Hundreds Raise Thousands for Special Olympics at Polar Plunge
Neither frigid winds nor icy temperatures nor flurries of snow could stop a record-breaking turnout Saturday for the third annual Highlander Polar Plunge. The 2012 plunge drew 250 registered participants, and pre-plunge donations exceeded $30,000, nearly $10,000 more than was raised at the 2011 event. All proceeds benefited the Special Olympics of the New River Valley.
With the theme of "Seize the Freeze," the plunge was sponsored by the Radford City Police Department, CiCi's Pizza, and the university as a highlight of the 2012 Winter Homecoming weekend.
Most of the RU men's soccer team participated, wearing their uniforms as they gathered on the river bank. Players are accustomed to less-than-ideal conditions for their athletic ventures, and jumping into the New River with near-freezing temperatures and biting winds was no different.
"It's a great unifying event for us," said junior goalkeeper Dane Wilson of Cincinnati, Ohio. "Doing stuff like this together when we're away from the field, jumping in and doing something like this together definitely brings us closer as a team." Wilson, who also participated in 2011, admitted, "It was a bit more scary this time. Last year was a lot warmer."
As a former volunteer with a youth soccer program for special-needs children in his hometown and a babysitter for several years for a child with Down syndrome, Wilson said the feeling of knowing your contribution makes a difference is indescribable. "It's so much just fun to see how much they're enjoying it," he said. "I love it."
Raising money to help the Special Olympics has been a great way for the team to stay motivated, said senior goalkeeper Ryan Taylor of Richmond. "We're definitely excited for it this year," he said. "Last year we didn't know what to expect from it all, but we know this year and are really excited to help out the cause."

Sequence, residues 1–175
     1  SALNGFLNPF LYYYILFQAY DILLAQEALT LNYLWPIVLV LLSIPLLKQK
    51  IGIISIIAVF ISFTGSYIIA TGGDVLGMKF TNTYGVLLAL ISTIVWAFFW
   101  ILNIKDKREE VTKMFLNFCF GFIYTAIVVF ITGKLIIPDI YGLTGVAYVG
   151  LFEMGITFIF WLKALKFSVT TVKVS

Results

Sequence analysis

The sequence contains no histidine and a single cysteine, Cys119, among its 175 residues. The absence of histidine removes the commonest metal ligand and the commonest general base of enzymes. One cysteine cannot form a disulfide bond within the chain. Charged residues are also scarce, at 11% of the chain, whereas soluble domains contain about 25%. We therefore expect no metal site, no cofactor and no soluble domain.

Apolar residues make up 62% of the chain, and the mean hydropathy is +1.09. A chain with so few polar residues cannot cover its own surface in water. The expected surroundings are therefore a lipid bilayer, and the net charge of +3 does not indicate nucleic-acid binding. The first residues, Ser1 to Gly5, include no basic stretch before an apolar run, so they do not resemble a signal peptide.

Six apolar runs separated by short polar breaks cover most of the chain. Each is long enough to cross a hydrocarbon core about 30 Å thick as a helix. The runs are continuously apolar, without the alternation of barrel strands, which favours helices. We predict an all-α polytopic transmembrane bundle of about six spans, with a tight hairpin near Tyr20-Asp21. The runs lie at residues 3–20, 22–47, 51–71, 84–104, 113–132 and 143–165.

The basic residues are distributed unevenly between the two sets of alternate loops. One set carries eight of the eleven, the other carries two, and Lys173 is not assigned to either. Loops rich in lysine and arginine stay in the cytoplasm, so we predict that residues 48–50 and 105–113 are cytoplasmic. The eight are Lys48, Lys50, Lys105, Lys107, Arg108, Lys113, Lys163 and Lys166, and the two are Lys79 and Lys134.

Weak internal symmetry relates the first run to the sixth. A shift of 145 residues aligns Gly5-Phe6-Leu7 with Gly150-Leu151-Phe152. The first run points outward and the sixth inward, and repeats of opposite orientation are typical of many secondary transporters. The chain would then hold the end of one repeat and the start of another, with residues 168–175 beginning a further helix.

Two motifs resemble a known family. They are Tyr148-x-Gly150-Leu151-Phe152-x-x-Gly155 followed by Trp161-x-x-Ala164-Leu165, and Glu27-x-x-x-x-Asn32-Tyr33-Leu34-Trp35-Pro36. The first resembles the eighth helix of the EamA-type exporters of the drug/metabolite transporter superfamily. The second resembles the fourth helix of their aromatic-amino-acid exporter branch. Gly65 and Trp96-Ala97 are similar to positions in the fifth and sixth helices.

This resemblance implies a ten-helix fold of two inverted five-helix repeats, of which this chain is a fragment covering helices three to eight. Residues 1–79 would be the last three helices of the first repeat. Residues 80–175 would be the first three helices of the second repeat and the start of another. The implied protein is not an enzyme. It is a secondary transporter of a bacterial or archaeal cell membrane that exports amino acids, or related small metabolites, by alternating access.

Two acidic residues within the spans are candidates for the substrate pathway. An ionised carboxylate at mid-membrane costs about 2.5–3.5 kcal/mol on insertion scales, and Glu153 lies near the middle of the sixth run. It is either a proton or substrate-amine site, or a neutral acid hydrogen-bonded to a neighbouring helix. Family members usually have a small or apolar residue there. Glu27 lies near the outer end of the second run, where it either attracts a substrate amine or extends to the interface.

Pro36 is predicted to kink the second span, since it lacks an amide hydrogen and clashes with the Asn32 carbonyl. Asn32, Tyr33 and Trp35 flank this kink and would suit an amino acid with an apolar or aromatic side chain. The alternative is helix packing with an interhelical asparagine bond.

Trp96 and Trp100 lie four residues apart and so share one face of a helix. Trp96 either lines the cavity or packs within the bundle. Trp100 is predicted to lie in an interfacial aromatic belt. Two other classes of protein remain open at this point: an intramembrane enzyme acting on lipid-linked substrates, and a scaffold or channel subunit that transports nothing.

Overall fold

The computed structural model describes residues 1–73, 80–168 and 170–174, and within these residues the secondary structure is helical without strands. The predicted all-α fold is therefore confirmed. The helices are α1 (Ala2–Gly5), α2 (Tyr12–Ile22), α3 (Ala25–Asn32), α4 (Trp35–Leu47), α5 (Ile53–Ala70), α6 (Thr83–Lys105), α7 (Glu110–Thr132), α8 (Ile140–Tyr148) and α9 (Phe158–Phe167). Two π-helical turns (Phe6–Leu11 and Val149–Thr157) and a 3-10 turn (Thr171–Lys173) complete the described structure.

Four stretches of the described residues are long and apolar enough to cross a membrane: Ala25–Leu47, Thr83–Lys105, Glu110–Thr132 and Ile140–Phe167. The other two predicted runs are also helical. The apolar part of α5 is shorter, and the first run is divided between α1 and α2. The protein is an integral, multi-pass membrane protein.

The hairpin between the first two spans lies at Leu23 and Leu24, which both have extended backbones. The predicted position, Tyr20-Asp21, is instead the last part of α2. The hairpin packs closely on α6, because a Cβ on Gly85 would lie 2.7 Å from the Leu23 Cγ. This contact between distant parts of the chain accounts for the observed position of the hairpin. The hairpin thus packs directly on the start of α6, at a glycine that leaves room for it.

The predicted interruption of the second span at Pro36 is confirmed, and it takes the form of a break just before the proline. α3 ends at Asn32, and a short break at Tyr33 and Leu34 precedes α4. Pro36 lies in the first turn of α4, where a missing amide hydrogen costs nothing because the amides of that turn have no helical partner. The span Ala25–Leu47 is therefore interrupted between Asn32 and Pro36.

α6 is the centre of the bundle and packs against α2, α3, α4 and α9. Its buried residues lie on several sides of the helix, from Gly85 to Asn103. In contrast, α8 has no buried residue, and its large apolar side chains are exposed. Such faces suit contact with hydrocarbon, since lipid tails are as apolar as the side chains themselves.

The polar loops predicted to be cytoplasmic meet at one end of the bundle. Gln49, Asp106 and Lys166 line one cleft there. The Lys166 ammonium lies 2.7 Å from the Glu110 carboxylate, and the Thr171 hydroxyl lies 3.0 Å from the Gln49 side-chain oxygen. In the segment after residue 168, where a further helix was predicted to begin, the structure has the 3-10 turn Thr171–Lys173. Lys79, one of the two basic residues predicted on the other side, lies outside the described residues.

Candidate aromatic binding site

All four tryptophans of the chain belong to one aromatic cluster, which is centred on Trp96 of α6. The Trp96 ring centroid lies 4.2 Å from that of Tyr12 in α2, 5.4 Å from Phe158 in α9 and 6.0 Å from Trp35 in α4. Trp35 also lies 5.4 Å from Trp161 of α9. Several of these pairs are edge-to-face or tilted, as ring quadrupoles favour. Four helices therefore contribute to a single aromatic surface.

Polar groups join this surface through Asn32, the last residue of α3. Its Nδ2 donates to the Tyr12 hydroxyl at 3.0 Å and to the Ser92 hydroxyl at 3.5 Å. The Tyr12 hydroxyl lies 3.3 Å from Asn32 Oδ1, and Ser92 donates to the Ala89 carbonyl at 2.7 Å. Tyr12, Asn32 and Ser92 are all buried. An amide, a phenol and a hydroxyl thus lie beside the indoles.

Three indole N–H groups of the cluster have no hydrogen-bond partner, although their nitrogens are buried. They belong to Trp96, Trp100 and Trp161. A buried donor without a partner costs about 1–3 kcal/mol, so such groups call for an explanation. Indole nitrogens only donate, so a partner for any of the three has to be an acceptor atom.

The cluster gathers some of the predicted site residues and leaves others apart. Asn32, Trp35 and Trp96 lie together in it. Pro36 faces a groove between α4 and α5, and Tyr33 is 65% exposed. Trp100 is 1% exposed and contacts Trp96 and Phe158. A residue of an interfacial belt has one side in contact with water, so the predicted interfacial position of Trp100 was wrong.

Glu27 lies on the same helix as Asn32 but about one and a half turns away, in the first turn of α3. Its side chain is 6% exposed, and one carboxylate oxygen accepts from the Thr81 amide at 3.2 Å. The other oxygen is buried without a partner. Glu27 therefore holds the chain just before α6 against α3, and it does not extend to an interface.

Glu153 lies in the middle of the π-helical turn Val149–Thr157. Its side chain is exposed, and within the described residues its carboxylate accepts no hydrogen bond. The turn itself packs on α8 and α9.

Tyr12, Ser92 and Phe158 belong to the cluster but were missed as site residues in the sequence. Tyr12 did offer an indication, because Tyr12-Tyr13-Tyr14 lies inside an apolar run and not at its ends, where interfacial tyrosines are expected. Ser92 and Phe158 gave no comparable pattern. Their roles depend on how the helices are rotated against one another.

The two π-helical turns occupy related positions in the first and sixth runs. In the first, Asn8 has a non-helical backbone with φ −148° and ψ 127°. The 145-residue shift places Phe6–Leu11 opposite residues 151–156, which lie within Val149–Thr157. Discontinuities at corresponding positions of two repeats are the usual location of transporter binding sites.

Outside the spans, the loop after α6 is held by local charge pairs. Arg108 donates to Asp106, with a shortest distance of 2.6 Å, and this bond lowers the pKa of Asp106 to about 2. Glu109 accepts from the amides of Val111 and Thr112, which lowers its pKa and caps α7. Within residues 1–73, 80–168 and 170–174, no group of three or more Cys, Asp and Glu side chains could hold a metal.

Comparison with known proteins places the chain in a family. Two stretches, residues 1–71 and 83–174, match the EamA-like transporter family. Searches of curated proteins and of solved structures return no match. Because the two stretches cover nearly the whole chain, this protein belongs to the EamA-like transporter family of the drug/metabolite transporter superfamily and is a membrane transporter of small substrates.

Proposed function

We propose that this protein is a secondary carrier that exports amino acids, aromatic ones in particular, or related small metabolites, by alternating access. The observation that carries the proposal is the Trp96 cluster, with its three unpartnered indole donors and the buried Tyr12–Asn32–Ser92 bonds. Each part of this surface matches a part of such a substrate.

Men's Soccer Head Coach Marc Reeves said recruiting volunteers for the plunge didn't take much convincing on his part. "It's just been fantastic," said Reeves, taking his second plunge in as many years. "They really wanted to do it. They want to fundraise, and they want to be part of community service. It's really been great to be able to connect with the students, the community, celebrate Winter Homecoming weekend and help the Special Olympics."
Wearing their letters proudly, members of Alpha Sigma Alpha sorority gathered in support of their sisters taking the chilly dive. Sophomore Holley Barnes of Ashburn was among the first-time plungers, joined by junior Allison Hinke of Leesburg, freshman Erica-Lynn Chambers of Chantilly, and junior Anna Schoenhardt of Fredericksburg.
"A lot of our sisters have done it before, but this is my first time," said Barnes, who was out of town last year and unable to participate. "I'm really excited for this."
The polar plunge was an opportunity for the sorority to further its philanthropic goals. "That's the real reason we wanted to volunteer and jump in this freezing water," Hinke said. "We really wanted to do something to make a difference."
Radford's chapter of Phi Sigma Kappa (PSK) fraternity raised more than $2,100 for the event, and their brothers from the neighboring Virginia Tech chapter joined them for the plunge. "For all of us to be together and do such a great thing together, there's no words to explain it. We're doing something amazing for a great cause," said Radford PSK senior Kyle Kearney of Stafford. "This has been one of the shining moments of my college career."
Said PSK brother Matt Allen, shivering on the riverbank in just his shorts, "This is seriously one my favorite things to do. I can't miss it."
Senior Courtney Urano of Fairfax huddled under a large Radford blanket with fellow Sigma Sigma Sigma sorority sisters Ali McNaught, a junior from Chesapeake, and Paige Swientisky, a junior from Centerville. "We're crazy, we're just crazy!" Urano screamed.
McNaught, a volunteer coach for the Special Olympics when she was in high school, said she participated in a similar fundraiser in Virginia Beach but was making her first Highlander Polar Plunge.
"This is really nice to be able to help and raise money, and it's really nice to be able to do it with my sisters," McNaught said. "It’s a great turnout, and looks like we've been able to raise a lot of money."
For more information, visit the Special Olympics website.